Iran is not some big sandy wasteland with a few nosepicking bedouins that got lucky and inadvertently ended up sitting on the largest oil reserves in the world (*cough*Saudi Arabia*cough*). Iran is old. They more or less invented their own brand of monotheism all by themselves (Zoroastrianism) when most of the rest of the world was still using the "in" technology... stone tipped arrows and your basic heavy rock. They built a government that lasted for hundreds of years, coming down to us through history as the Persian empire. But, and this is something that seems to happen to Iran a lot throughout history, they had the bad luck of stumbling across the second most pigheaded group of people that existed in the ancient world (the Greeks), and lost big wars to them not once but twice. The second time around the conquering general of the Greek army got blind drunk one night and decided it was "party on dood" fun for him and his buds to toss lit torches into the main palace, a building whose origins dated back to legend. They burned it to the ground. You can still see the ruins to this day. Incredibly, the Iranians continue to hold a grudge over this, even though Alexander the Great has been dead for over 2500 years.
Modern history has been no kinder. There's a reason the Iranians, especially the older ones, don't like the USA one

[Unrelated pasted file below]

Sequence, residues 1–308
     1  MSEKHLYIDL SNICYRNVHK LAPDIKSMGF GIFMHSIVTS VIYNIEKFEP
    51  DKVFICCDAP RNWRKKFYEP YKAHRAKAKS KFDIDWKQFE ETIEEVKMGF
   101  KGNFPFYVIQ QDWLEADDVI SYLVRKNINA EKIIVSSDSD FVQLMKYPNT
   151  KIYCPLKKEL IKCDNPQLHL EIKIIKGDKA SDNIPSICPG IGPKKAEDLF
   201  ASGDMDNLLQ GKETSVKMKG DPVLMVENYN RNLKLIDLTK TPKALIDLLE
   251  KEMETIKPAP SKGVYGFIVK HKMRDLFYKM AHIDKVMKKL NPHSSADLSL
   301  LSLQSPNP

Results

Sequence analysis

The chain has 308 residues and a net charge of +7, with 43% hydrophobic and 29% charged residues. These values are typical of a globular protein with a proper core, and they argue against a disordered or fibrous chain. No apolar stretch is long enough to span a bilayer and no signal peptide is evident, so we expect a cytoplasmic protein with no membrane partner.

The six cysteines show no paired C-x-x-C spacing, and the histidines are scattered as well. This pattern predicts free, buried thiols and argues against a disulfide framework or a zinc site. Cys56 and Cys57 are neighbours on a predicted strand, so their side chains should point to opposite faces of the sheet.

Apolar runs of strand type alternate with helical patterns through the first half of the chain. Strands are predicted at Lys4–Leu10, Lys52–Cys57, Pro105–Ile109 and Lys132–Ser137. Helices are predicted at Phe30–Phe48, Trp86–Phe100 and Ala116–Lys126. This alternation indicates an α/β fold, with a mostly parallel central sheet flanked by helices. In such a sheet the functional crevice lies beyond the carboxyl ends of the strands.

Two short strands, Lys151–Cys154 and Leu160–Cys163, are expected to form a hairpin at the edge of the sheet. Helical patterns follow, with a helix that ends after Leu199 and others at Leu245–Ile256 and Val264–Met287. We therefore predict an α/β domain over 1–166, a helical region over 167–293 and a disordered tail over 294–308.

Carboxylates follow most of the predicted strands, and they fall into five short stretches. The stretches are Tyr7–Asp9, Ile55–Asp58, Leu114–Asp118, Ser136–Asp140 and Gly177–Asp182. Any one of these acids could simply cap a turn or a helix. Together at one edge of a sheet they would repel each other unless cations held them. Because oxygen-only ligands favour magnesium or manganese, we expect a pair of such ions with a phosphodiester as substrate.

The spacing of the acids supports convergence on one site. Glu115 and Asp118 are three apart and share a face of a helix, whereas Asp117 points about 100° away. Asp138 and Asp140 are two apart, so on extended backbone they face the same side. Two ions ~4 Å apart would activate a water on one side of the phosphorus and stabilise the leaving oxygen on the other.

damned bit. And it's not because we grin at everything in the world and try to get farmers on the way to market to stand
still long enough so we can get a picture with them (hawvey!
As always, it came as a complete surprise to the USA when Iran boiled over 26 years later and everyone started chanting "death to America". Khomeni and his friends were a lot of things, but they were not fools. They remembered what happened the last time an uprising started happening in an oil-rich country the US was interested in. So, when a bunch of hothead students overran the embassy of the most powerful nation in the world (and had the good sense not to kill anyone), they saw an opportunity and took it. Waving hostages around like a cape kept the raging bull of our government distracted long enough for them to get their house in order, and they released them only when they were damned sure we wouldn't try anything.
But like I said, Iran still has a long, long way to go. Iran is not the only country in the world that likes Americans but hates the US Government. They may quite rightly point out that our government does bad things for rich white guys that make people so mad they fly airplanes into buildings. However, it must be pointed out in no uncertain terms that Iran has this same problem.
Khatami can't get anything done because their government was set up to give all the power to just a few clerics, aka SDWTT-type folks. The vast majority of people in Iran are just trying to get on with life, raising their kids, making their corner of the world a better place for them, maybe saving enough to buy a timeshare on the Caspian Sea. But because so much power is concentrated in the hands of so few, things can happen behind the scenes that nobody else knows about. The Iranian people were quite sincerely horrified by what happened when the towers fell. But not everyone in their government was.
And Iranians must ask themselves... what happens when just a few people in a government get enough power to start doing things behind their backs?
Does 1953 ring a bell?